Cover Art

For films and TV on demand, Amazon offers LoveFilm in the UK and there’s a 30-day free trial for all HDX owners. Playback of movies is as smooth as you’d expect, but the coolest feature is X-Ray, a link with IMDb which offers movie and actor information based on the film or programme being watched. It’s pretty slick and I think we can expect more of this kind of experience-enhancing app in the future.

The HDX has some other nice touches too. Kindle FreeTime is a parental controls app that lets Mum and Dad add apps and content to a child’s profile. Access to the web browser and social networking apps is restricted and the amount of play time can be controlled as well. It’s well done and increases the appeal of the HDX to families.

Turning to price, this is not a budget tablet nor is it intended to be. This is a high-end device and the price reflects this: the base cost is GB £329 for the 16 GB wi-fi version with “Special Offers” aka adverts. The top-of-the range 64 GB 4G HDX without ads will set you back £489. For comparison, the larger 16 GB Nexus 10 is available widely for around £250 and the squarer iPad Air is £399.

I’ve been using the Kindle Fire HDX 8.9″ for a bit over a month now and I like it a great deal. Sometimes I’m frustrated by the non-Android way of doing things or the lack of a particular app, but other times I’m in love with it – Fire OS is very well presented. The animations are smooth, the touch-screen highly responsive and the layout of the soft buttons on the right is great design. If you are looking for something between the frontier that is Android and the closed confines of Apple, it’s a perfect match and if I was recommending a higher-end tablet to a non-geek friend or relative, the HDX would come high up the try-out list. And Google, you need to up your game.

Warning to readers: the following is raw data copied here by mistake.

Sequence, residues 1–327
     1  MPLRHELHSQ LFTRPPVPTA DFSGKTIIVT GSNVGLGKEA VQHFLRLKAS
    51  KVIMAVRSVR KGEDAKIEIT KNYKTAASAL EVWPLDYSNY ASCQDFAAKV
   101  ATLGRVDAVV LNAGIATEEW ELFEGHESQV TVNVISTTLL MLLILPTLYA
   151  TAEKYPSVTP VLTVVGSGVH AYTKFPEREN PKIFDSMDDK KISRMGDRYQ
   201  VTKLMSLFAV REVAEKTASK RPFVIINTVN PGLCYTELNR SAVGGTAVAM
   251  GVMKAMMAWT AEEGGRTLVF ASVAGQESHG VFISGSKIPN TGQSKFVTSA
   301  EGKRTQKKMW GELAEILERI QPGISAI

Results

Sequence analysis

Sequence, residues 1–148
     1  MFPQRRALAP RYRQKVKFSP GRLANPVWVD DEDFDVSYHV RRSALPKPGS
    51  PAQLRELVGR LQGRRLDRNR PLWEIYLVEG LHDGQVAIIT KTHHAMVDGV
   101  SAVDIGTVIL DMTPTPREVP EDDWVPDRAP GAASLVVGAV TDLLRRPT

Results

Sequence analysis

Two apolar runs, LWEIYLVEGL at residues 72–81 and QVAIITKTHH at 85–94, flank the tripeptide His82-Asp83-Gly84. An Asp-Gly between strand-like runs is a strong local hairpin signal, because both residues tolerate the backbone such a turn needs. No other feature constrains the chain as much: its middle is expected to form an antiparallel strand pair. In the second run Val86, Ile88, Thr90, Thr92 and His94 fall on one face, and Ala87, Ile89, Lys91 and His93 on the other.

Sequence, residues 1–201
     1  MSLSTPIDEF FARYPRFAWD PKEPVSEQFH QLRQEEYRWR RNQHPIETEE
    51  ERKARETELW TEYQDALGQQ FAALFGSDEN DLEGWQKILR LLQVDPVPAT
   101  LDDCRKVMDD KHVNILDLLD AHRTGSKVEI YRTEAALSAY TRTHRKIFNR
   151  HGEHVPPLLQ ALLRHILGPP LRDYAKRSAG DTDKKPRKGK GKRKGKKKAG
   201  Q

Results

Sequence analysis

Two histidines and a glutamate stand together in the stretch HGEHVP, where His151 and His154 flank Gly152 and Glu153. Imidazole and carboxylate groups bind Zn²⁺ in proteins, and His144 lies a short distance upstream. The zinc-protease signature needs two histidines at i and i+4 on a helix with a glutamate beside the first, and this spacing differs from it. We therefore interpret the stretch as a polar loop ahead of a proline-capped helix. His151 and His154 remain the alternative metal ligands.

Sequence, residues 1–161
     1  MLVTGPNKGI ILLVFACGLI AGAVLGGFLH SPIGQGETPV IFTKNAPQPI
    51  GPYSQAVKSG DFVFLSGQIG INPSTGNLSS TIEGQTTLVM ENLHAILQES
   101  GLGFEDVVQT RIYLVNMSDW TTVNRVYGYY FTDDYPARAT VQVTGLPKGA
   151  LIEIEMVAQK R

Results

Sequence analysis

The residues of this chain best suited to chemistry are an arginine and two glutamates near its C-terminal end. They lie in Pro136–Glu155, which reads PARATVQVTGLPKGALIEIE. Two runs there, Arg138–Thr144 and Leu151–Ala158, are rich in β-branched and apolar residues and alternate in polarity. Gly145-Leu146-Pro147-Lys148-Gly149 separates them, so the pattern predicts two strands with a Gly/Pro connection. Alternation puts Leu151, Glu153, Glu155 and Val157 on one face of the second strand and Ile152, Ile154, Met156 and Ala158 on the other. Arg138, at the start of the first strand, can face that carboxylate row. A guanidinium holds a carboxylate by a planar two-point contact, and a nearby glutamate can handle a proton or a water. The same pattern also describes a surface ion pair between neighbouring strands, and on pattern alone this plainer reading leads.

Thanks to Amazon for the loan of the Kindle Fire HDX 8.9″.

Vivitar Camelio Tablets

Posted by Andrew at 4:38 PM on January 31, 2014

Vivitar LogoJill Larson from Vivitar shows off their family-friendly 7″ Android tablet to Don and Todd, explaining what makes Vivitar’s offering compelling in an otherwise crowded market.

The 7″ Android tablet has been a massive success with almost every tech company getting in on the action. Vivitar’s Camelio is aimed squarely at families and its unique selling point is “personality packs” which are based on cartoon characters and other favourites, such as Hello Kitty, Monster High, Hot Wheels and WWE. The pack includes a themed bumper case as well as customised wallpapers, widgets and lock screens. Spec-wise, the 2014 Camelio seems to be middle of the road with Kit-Kat, dual-core processor and 8 GB RAM. As the MSRP is only $99.99, much of this is forgiven. An even smaller screened version is on its way as well, the Camelio Mini, with a 4.3″ screen and it will interesting to see how well that succeeds. Both versions are expected in July: keep your eye on www.cameliotablet.com.

Interview by Don Baine, the Gadget Professor and Todd Cochrane of Geek News Central for the TechPodcast Network.